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    What is the meaning of the table? Commented Feb 25, 2023 at 16:08
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    @VladimirFГероямслава I pulled the spec list to verify it has typical hybrid wheels, and thought I might as well paste it into the answer instead of linking it. Commented Feb 25, 2023 at 16:10
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    Spec list of the bike in the question? I can see something different on the Trek site. Maybe they differ in different regions? Commented Feb 25, 2023 at 16:11
  • The Trek website does not even let me check the US version. Even if I do select USA, it says I landed on the wrong page and that it happens to everyone and when I try to go anywhere, it forces me to the local version. Commented Feb 25, 2023 at 16:14
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    Given what I've ridden on amateur-hand-built (i.e. by me) wheels, with a heavy me and a heavy load, a decent set of wheels should be able to take a lot. That suggests this wasn't a decent set of wheels, and once a couple of spokes have gone the wheel probably isn't salvageable. But once he's got new wheels on there, it's always helpful to unweight the saddle for big bumps (like riding off kerbs), and to have a bit of give in the tyres. They're 50mm - they shouldn't be rock-hard. It's not that these are necessary steps on a decent wheel, but they help reduce wear and tear.
    – Chris H
    Commented Feb 27, 2023 at 15:59

I have a Trek from the same "range" (not a Verve though), with similar wheels. My impression was that Trek cheaped out on the wheels. I also had more broken spokes (3 - rear drive side, where the thread of the nipple starts) that I ever had with a bike - it took a few months though, but I'm not riding that much.

I gave up on these wheels when the bearing cones worn out: finding replacement cones for the Formula DC20/DC22 hubs was close to impossible. I replaced the wheels since, and now I rode more with the new wheels than stock ones, no issue since.

My recommendation with this kind of mileage would be to just replace the wheels by quality and serviceable wheels. Once of out warranty (or if the shop considers it becomes "normal wear"), dealing with bad quality wheels can be expensive: there is an important labour component if you need to replace a rim or a hub, changing the wheels is a better operation on the long run.


It would be interesting to know which spokes he is breaking. Drive-side rear spokes are more highly tensioned and (I think) more susceptible to breakage. In my experience, once one breaks, its neighbors are more likely to break due to uneven tensioning when replacing the broken spoke (more specifically, if you break one drive-side pulling spoke, you're more likely to break the other drive-side pulling spokes). It doesn't need to happen, but unless the person repairing the wheel goes to some effort to re-tension the other spokes—which is a significant fraction of the work involved in building a wheel from scratch—it probably will happen.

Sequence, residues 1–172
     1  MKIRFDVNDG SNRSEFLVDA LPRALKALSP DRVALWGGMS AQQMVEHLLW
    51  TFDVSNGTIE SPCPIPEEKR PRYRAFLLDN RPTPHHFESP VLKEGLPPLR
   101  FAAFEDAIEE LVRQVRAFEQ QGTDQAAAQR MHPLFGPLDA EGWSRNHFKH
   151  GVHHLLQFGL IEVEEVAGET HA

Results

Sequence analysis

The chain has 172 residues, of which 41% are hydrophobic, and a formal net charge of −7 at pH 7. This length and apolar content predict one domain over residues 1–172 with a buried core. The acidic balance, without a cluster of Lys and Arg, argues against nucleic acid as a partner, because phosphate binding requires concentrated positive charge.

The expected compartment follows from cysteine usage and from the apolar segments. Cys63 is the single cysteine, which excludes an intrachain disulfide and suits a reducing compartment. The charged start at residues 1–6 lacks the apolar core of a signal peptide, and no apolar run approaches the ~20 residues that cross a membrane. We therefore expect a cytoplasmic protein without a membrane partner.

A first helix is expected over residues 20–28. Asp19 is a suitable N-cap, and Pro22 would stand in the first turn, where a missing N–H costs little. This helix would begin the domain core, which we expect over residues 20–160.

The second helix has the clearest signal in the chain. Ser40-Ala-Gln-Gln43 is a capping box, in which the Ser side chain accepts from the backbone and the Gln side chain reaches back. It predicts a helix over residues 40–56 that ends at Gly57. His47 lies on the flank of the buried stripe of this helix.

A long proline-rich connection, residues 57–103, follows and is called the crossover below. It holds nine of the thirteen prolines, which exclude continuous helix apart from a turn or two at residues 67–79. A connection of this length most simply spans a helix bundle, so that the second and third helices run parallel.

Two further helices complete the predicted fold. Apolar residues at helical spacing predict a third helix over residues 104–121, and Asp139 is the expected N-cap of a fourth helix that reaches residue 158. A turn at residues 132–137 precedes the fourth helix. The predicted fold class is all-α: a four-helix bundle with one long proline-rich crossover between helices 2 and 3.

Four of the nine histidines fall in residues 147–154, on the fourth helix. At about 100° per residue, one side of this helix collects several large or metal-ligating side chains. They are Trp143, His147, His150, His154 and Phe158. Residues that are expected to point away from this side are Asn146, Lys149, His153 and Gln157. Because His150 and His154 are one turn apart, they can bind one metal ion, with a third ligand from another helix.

Replacing the tire will have no effect on this. Replacing the wheel is probably the most cost-effective thing to do. As Nathan points out, this bike is intended for casual, low-mileage riders. Trek did not contemplate someone riding over 10,000 miles/year on it when they specced it.

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    All true, except a well-built 32-spoke wheel should be able to handle 10,000 miles/year easily, assuming it's not being overloaded or otherwise abused. And note that the bike is barely two months old so it probably has about 2,000 miles on it - a good base training month. ;-) Commented Feb 25, 2023 at 17:55

I've seen absurdly poorly assembled bikes from even the top companies (a Specialized that falls apart during city cycling...). I would recommend the following preventative measures(in decreasing order of importance).

  • I totally agree with all the above answers
  • One month (or half) after purchase, visit the shop for (free of cost) re-tuning of everything including spokes.
  • Improve Your technique. MTB and road biking have surprisingly much in common despite both communities being unfriendly to each other. IMHO to be able to ride well one You need to be able to ride the other style somewhat.
  • Once a month or two do a spoke test. Grab opposing spokes and squeeze them. A loose spoke shows immediately. An over-tightened one not so easily but the feel is learn-able.
  • Learn the sound and feel of a loose spoke, it rattles like a broken frame.

I have a Trek 920 Tourer/Semi-gravel. I broke 2 rear wheel spokes in the first year. The local dealer was most unhelpful, wanting to charge me for what should be warranty claims. I emailed Trek {address at the end of the "international" [email protected] Terrific response < 24 hours, Both times they contacted Trek Australia,who organised rectification promptly

  • Hi, welcome to bicycles. While it is nice to know that Trek arranged for service, this doesn't really answer the question which is about the reason that spokes are breaking on OP's bike.
    – DavidW
    Commented Mar 3, 2023 at 21:50